Making the lower surface 34 and the dish 42 a segment of a sphere provides the positioning aid 40 with good symmetry and permits it to be easily rotated about its central axis of symmetry. For positioning a sensor adjacent to the head, as shown in the present drawings, the dish of the positioning aid 40 is placed comfortably against the subject's head. The fit typically is not exact, as any particular location on the human head is not likely to match exactly to the fixed shape of the lower surface 34 of the dewar tail 28. Even with a slightly imperfect fit, however, the positioning aid 40 permits the lower surface 34 of the sensor 28 to be reproducibly positioned adjacent to the subject's head. The dish is preferably made from a clear, transparent material, such as acrylic plastic.

The positioning aid 40 is further provided with at least one, and desirably at least two, types of locating means for establishing exterior reference positions for the lower surface of the dewar tail 28 in relation to the positioning aid. One type of positioning aid is a rim 44 extending around a periphery 46 of the dish 42. The rim 44 is preferably made of the same material as the dish 42 for easy fabrication in one piece. The rim 44 aids in achieving an accurate, reproducible positioning of the dewar tail 28 relative to the head 22, in the manner to be described subsequently.

A second type of locating means is markings 48 placed onto the dish 42, as can be seen best in FIGS. 3 and 4. Three types of markings 48 have been found useful in performing positioning and repositioning of the dewar 26 in relation to the head 22, using the positioning aid 40. The first is a series of concentric rings 50, that are concentric with the periphery 46 of the dish 42 and the rim 44. The rings 50 are desirably spaced apart by a known distance, such as 2 centimeters between each pair of rings, and are so marked.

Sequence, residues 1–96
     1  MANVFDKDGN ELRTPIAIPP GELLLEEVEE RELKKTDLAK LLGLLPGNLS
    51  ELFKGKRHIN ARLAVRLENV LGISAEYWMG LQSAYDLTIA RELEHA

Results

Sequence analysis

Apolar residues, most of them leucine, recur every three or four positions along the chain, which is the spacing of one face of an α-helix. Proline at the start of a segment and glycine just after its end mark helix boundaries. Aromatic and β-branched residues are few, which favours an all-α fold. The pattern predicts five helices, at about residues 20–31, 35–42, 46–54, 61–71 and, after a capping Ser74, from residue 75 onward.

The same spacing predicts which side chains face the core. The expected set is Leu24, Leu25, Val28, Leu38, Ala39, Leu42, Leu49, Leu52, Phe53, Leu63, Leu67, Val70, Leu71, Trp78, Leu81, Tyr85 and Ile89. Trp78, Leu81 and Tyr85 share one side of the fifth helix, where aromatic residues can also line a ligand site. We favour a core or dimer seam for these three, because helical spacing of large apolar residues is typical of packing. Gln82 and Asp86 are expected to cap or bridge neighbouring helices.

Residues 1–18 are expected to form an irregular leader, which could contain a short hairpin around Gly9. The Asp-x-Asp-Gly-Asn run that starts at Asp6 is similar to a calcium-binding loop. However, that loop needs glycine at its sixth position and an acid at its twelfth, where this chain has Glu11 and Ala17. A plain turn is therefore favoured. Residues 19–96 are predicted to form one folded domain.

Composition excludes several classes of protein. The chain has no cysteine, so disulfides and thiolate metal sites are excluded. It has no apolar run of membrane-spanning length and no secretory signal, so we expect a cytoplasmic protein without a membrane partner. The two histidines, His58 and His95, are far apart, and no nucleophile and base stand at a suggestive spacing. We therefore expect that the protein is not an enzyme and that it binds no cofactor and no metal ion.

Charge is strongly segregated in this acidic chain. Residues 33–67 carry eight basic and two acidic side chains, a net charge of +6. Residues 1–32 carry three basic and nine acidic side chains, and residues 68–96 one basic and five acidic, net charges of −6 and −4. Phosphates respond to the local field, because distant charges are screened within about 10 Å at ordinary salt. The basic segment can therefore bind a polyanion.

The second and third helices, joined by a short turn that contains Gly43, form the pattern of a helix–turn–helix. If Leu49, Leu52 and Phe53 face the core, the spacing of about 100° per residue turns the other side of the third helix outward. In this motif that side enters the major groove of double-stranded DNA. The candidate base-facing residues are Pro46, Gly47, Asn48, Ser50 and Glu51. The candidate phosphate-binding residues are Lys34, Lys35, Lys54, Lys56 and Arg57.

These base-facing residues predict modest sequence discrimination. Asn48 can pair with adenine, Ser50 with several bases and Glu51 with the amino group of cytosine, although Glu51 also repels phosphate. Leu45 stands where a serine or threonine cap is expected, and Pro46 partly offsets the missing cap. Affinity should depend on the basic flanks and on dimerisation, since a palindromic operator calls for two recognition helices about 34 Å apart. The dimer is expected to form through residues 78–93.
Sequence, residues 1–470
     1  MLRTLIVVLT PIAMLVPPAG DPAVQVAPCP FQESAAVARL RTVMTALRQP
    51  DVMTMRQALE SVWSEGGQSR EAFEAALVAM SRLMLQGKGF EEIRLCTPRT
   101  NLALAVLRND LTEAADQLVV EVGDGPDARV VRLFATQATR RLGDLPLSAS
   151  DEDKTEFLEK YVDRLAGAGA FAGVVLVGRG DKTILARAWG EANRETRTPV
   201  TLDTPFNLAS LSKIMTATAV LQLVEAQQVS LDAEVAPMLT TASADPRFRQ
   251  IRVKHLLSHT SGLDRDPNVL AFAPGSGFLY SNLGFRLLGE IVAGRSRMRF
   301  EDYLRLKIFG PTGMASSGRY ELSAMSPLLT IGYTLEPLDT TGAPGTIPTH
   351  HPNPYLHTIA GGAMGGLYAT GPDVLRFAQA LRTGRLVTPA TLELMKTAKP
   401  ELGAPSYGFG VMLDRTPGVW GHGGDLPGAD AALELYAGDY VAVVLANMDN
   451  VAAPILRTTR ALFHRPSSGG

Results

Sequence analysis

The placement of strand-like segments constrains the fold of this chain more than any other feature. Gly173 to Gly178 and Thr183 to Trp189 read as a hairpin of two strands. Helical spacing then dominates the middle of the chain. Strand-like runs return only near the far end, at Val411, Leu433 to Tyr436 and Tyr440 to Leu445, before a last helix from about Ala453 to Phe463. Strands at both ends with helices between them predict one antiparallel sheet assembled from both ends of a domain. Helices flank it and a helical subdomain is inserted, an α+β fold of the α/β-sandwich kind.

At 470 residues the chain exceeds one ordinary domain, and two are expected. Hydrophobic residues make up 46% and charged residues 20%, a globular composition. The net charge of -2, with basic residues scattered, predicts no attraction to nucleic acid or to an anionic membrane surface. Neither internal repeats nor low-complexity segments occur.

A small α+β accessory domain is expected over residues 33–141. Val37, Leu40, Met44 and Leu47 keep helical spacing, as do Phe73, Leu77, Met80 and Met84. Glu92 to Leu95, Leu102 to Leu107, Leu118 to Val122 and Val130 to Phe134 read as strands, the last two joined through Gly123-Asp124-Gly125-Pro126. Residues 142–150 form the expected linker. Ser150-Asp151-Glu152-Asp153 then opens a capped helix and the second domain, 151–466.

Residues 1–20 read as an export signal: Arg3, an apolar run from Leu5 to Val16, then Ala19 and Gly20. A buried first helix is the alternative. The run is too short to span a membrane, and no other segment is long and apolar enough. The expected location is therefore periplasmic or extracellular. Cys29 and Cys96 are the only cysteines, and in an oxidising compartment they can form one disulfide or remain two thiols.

A second type of marking is radial lines 52 extending from a center 54 of the dish (about which the rings 50 are concentric when viewed in the plan view of FIG. 3). The radial lines 52 are preferably spaced by an angular spacing of 90 degrees around the circumference of the dish 42.

A third type of marking is generally elliptical location indicators 56 for the positioning of the pickup coils 32 of the dewar tail 28. That is, if one of the location indicators 56 is aligned with the known circumferential positioning of one of the pickup coils 32, then the other location indicators 56 indicate the locations of the other pickup coils that are shown. The marking can be accomplished, for example, by rotating the positioning aid 40 about the center 54 of the dish 42 to align a specific location indicator 56 (e.g., the location indicator for a specific pickup coil) with a mark on the exterior of the dewar tail 28, as shown for a mark 58 and a specific location indicator 56 in FIG. 5.

The use of the positioning aid 40 is illustrated in FIG. 5 for the case of positioning the dewar tail 28 closely adjacent to the head of the subject. The dish 42 of the positioning aid 40 is placed over a portion of the head 22. In the illustration, the subject 20 lies on the bed 24 on his or her side. The dish 42 is placed over the side of the head. Since the dish is transparent, the location of primary interest may be viewed through the dish, and the location of interest aligned with the center 54 of the dish 42. This portion of the alignment is most easily accomplished with the dewar 26 removed. The dish 42 fits generally against the head 22 of the subject 20 and is pressed gently against the head sufficiently to negate irregularities due to the presence of hair or the shape of the subject's skull.

The dewar tail 28 is brought into position above the head 22, as shown in FIG. 5. The angular position of the dewar tail 28 is varied so that the shortest distance from a periphery 60 of the dewar tail 28 to the rim 44 is the same around the entire circumference of the positioning aid 40. That is, as shown in FIG. 5, the distance D1 from periphery 60 to rim 44 is the same as the distance D2 from periphery 60 to rim 44 at another location around the circumference. This distance is checked either by eye or with a ruler or other standard. Since the distance D is typically only a few millimeters or less, the alignment is accomplished accurately even with no more than a visual sighting. The rim 44 gives a well defined locus from which the distance to the dewar tail 28 can be measured.